By Scott Meacham
Copyright © 2014, The Oklahoma Publishing Company
Access to capital and robust deal flow are the dual engines of entrepreneurial growth.
According to the PricewaterhouseCoopers LLP/National Venture Capital Association MoneyTree Report, in 2013, the state of Oklahoma ranked 44th in terms of venture capital investment dollars.
What’s really unfortunate is that we are trending in the wrong direction. In 2008, there was $17 million in venture capital invested here; last year it had fallen to $8 million, with the vast majority of that investment being deals in which i2E invested.
While most states seem to have returned to pre-financial crisis levels over that last five years, venture capital investment in Oklahoma declined more than 50 percent.
From 2012 to 2013, as total venture capital investment dollars in the U.S. grew about 7.5 percent, venture capital invested in Oklahoma declined 75 percent. Colorado had 79 deals. We had eight.
Even though the state and angel investors here have worked to create proof-of-concept and seed funding, the lack of venture capital is holding us back, especially when it comes to bio-science opportunities.
Venture capital attracts venture capital, and there isn’t enough VC money here to prime the pump. Venture capitalists are opening offices and writing checks in states around us — notably Texas and Colorado — but only a handful of VCs have been active in Oklahoma at al — and most of those fly in from some other state.
Robust deal flow is the second thing that attracts venture capitalist. In Oklahoma, we need more fundable deals. Our universities and research institutions are outstanding. There is always new technology being invented and developed at places like the University of Oklahoma, Oklahoma State University and the Oklahoma Medical Research Foundation. The problem in Oklahoma seems to not be so much the lack of university/nonprofit innovation but the lack of substantial and ongoing private sector innovation. We have some; just not enough.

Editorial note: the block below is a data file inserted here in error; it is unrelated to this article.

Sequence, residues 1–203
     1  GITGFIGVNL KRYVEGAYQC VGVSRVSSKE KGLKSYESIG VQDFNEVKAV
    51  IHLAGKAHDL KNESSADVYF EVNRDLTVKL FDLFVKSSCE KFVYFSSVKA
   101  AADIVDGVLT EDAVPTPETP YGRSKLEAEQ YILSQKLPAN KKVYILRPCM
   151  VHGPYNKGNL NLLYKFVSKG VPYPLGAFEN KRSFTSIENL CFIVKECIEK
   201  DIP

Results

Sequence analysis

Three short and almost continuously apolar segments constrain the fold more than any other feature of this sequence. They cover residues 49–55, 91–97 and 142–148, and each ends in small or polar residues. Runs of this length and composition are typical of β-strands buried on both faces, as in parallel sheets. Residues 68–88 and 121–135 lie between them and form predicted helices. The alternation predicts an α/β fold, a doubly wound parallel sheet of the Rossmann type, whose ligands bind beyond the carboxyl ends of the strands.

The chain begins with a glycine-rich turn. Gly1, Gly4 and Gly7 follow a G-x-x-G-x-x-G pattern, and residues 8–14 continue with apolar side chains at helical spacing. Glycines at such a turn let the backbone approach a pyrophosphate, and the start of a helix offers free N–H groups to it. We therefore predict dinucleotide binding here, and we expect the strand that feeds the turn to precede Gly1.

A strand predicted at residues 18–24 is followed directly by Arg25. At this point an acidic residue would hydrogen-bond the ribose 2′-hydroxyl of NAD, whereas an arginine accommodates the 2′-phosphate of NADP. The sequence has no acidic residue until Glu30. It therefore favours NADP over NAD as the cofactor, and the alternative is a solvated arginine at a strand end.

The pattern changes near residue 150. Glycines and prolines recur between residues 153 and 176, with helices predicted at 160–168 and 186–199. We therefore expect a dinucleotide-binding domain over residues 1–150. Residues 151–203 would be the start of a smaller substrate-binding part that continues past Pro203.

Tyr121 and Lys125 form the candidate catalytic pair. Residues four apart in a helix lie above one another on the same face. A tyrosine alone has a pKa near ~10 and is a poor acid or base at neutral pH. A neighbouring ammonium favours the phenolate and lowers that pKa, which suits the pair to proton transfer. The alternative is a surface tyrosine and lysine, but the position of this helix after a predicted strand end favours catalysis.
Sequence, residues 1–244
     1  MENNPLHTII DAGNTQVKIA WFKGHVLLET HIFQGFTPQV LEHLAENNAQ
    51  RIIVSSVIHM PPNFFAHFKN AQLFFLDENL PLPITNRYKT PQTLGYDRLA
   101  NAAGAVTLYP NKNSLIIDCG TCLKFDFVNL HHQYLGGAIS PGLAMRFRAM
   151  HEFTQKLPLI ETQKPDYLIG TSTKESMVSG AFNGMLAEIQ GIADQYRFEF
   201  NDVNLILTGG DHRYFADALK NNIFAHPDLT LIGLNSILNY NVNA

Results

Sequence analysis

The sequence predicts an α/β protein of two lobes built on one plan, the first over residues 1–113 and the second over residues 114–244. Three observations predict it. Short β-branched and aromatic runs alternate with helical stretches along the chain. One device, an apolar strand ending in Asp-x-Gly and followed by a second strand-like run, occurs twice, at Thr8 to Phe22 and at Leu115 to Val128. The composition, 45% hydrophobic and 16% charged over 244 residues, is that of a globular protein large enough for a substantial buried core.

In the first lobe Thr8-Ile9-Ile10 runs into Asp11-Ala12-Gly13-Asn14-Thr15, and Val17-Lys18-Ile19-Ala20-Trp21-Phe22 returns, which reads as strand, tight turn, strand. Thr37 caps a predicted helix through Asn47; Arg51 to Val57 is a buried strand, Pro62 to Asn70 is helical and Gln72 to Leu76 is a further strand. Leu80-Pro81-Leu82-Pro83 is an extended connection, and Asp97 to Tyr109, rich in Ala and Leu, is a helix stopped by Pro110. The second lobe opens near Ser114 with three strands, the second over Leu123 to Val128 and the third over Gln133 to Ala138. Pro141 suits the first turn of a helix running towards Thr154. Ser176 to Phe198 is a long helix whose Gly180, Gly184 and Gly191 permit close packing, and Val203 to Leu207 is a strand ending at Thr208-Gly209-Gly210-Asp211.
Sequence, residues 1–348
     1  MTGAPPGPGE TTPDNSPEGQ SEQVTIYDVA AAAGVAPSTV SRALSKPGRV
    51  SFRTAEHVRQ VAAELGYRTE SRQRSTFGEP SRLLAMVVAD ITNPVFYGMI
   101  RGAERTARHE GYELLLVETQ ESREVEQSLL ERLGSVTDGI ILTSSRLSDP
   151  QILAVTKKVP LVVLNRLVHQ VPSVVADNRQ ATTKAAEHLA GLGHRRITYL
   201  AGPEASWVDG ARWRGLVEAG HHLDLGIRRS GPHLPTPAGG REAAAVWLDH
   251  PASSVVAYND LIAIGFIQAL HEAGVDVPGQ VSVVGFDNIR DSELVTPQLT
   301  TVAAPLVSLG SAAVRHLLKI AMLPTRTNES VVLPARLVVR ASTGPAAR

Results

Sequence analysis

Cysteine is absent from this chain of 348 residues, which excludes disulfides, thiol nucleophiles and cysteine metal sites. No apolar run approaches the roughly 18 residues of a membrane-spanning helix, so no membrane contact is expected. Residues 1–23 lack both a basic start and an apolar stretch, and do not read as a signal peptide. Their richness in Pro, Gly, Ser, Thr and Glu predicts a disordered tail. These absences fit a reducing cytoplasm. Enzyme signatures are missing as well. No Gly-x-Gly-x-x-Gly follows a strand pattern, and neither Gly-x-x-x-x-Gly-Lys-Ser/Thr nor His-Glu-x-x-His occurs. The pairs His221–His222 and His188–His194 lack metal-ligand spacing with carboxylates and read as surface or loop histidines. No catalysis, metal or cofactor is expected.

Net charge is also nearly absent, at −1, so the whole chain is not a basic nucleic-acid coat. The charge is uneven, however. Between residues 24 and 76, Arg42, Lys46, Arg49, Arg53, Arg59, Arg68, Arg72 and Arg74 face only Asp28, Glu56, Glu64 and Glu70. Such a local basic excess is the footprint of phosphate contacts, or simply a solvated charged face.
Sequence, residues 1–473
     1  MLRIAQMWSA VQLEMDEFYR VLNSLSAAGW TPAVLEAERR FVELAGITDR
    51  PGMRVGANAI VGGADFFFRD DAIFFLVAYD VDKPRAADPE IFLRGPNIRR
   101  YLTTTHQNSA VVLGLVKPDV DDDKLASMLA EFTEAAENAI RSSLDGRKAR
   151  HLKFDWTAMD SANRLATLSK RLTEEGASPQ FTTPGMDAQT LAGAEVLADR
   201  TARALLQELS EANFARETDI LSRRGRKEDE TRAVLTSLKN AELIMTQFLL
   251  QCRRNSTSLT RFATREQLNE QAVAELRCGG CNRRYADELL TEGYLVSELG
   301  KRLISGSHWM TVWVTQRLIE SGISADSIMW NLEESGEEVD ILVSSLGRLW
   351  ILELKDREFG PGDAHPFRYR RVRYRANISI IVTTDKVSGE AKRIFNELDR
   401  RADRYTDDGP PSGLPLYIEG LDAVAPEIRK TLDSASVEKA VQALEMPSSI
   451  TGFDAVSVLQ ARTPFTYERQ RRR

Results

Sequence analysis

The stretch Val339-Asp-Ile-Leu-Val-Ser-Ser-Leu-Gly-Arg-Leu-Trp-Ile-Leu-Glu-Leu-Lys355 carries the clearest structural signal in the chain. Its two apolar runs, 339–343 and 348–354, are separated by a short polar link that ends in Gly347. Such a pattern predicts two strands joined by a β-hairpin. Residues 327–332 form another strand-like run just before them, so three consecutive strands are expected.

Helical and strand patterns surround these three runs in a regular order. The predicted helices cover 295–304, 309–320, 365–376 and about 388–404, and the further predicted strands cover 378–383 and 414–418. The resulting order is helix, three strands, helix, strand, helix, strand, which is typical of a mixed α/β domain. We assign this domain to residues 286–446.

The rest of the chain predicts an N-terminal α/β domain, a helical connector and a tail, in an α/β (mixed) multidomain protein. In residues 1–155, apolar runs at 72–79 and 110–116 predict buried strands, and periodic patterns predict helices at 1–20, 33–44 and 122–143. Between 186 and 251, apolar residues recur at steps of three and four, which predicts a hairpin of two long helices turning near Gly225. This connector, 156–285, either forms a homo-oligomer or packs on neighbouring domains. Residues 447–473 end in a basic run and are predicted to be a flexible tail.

We need to look for ways to build on what we have and encourage more entrepreneurial risk taking.
Colorado launched an advanced industries acceleration program that makes $150,000 to $500,000 grants available to support commercialization by key industries for proof-of-concept, early stage capital, and infrastructure.
New York’s 2014 fiscal year budget includes $50 million for a venture capital fund to provide seed and early stage funding for new company formation and to help commercialize new technologies and products.
In Wisconsin, lawmakers passed legislation to create a $75 million early stage seed capital fund to support high growth sectors, with $25 million from the state and the remainder from private sources.
In Oklahoma, we need to redouble our efforts to pull together across academia and the private sector to develop more efficient and faster ways to commercialize innovation into products and services that create jobs. It’s not just more capital. We need more deals.
Scott Meacham is president and CEO of i2E Inc., a nonprofit corporation that mentors many of the state’s technology-based start-up companies. i2E receives state appropriations from the Oklahoma Center for the Advancement of Science and Technology. Contact Meacham at i2E_Comments@i2E.org.